- House of Commons The Fourth Report of the Select Committee on Home Affairs of the UK Parliament noting the 1939 Registration Act and the historical background associated with proposals for the (re)introduction of identity cards in the UK.
- Statewatch for information about the National Registration Act of 1939, the information that was required to be collected, and the issuing of identity cards.
- Main article: U.S. Census
The United States Constitution mandates that the census be taken at least once every ten years (U.S. Congress could require a more frequent census by legislation), and that the number of members of the House of Representatives from each state be determined accordingly. In addition, Census Bureau statistics are used for apportioning Federal funding for many social and economic programs. But there is not a federal census legislation (nor for federal voting).
The first U.S. Census was taken in 1790 by the local U.S. Marshals. Census-takers went door-to-door and recorded the number of people in each household, and the name of the head of the household. Slaves were counted, but for apportionment purposes each counted as only three-fifths of a citizen. American Indians being neither taxed nor considered during apportionment, were not counted. The first census counted 3.9 million people, less than half the population of New York City in 2000. The 2000 census counted over 281 million people.
In 1902, a Public Law established the Census Bureau as a permanent Federal agency. Until the 2010 census, there were two forms of questionnaire – long and short. Currently, the plan is to replace the Long form in 2010 with the American Community Survey (ACS), but funding for ACS is not assured, in which case there may be a long form in the 2010 census. Computer algorithms (based on complex sampling rules) determine which form was mailed to a given household (in practice, of those households whose locations are on the Census Master Address List), one in six receiving the long form. This was supplemented by census workers who go door-to-door to talk to people who fail to return the forms. In addition to a simple count of residents, the Census Bureau collects a variety of statistics, on topics ranging from ethnicity to the presence of indoor plumbing. While some critics claim that census questions are an invasion of privacy, the data collected by every question is either required to enforce some federal law (such as the Voting Rights Act) or is required to administer some federal program. Congress gives approval to every question asked on the Census.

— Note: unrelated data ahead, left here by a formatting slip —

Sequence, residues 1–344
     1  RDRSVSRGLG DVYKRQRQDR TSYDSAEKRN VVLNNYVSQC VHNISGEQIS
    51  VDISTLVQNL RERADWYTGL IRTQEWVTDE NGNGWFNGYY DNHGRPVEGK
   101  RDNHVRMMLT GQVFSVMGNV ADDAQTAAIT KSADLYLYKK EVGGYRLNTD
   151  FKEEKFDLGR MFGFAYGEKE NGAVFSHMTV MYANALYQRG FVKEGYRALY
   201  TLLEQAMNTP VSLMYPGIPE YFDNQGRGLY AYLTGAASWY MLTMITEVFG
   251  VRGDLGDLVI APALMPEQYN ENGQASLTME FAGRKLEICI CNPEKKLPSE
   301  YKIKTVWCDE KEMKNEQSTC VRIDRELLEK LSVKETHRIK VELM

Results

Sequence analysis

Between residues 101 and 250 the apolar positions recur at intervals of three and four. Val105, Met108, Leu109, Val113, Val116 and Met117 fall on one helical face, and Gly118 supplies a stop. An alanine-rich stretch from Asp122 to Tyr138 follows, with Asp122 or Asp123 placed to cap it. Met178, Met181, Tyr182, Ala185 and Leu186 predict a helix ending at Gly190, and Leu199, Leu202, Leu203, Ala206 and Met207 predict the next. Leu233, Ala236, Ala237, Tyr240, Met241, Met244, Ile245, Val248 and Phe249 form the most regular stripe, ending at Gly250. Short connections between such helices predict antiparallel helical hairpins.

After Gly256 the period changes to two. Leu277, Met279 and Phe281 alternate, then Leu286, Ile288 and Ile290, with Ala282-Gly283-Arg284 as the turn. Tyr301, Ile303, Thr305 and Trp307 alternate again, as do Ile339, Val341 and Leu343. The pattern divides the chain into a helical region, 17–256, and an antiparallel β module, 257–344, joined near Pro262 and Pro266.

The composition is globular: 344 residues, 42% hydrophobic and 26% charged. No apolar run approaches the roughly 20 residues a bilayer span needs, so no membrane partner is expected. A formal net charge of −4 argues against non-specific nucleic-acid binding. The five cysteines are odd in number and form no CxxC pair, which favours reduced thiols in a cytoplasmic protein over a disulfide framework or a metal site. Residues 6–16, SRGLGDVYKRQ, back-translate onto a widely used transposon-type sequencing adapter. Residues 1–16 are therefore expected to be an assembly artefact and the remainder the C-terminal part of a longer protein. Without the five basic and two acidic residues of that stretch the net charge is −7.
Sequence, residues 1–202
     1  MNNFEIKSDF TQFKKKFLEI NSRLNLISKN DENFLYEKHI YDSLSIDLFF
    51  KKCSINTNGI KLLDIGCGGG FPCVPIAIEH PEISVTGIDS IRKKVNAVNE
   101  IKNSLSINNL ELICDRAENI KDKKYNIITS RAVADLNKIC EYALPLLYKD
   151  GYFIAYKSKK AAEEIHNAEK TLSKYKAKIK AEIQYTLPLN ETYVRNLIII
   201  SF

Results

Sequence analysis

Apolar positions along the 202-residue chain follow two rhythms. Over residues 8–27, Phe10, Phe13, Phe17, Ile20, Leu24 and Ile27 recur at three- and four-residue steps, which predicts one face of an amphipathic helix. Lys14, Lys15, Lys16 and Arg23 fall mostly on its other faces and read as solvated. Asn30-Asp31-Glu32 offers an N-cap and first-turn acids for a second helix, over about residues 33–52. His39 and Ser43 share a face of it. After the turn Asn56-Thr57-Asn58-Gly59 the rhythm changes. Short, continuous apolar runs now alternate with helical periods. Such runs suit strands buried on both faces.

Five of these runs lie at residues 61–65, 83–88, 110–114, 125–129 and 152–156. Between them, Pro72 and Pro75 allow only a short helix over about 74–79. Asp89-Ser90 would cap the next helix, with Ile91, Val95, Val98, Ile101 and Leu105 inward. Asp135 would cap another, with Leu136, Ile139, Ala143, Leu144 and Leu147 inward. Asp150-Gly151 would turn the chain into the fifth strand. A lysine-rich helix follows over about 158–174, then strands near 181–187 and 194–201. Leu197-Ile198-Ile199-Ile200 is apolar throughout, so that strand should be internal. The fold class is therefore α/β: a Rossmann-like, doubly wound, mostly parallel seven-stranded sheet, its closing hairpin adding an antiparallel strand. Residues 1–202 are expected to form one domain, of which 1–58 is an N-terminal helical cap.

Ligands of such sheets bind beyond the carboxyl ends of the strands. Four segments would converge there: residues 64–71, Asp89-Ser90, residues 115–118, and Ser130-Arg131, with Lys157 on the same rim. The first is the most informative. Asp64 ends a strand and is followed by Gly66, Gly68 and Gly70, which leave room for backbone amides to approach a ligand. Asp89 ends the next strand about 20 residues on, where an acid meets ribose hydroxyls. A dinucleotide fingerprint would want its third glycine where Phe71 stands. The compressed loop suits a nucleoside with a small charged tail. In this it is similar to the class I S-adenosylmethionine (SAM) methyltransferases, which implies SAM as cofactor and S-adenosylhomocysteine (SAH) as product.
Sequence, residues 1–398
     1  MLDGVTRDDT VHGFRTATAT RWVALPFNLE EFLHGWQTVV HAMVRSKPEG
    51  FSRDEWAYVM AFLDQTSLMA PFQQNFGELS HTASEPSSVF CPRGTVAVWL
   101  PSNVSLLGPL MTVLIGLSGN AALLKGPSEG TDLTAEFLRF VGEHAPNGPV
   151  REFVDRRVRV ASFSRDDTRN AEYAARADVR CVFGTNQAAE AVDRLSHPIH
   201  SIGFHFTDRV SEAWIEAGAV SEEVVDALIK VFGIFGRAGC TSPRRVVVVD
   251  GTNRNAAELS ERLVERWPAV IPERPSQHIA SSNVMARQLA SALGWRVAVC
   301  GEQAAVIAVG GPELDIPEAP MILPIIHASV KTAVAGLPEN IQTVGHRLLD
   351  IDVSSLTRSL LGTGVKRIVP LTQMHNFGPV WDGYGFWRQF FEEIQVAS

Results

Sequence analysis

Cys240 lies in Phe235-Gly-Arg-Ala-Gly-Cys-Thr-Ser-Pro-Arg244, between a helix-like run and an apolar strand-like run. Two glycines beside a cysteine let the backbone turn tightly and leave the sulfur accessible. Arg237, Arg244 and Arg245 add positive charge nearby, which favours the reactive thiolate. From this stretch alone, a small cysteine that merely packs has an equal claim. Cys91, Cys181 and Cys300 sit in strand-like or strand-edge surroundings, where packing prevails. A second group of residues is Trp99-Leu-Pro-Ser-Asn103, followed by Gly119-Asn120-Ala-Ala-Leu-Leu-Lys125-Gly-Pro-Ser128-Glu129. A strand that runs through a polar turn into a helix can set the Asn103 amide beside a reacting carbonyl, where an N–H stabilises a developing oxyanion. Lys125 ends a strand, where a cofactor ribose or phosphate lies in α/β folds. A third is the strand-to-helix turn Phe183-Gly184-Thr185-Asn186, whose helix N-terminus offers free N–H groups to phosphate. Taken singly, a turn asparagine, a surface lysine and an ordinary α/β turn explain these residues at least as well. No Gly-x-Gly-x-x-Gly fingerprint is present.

Despite a massive effort, the Census Bureau has never been able to count every individual, leading to controversy about whether to use statistical methods to supplement the numbers for some purposes, as well as arguments over how to improve the actual head count. The Supreme Court has ruled that only an actual head count can be used to apportion Congressional seats; however, cities and minority representatives have complained that urban residents and minorities are undercounted. In several cases, the Census Bureau will recount an area with disputed figures, provided the local government pays for the time and effort. The State of Utah protested the figures of the 2000 decennial census because it lost a seat in the House of Representatives to North Carolina. Had the Census Bureau been able to count the numbers of Utahns living overseas, including many Mormon missionaries, Utah would have retained the seat.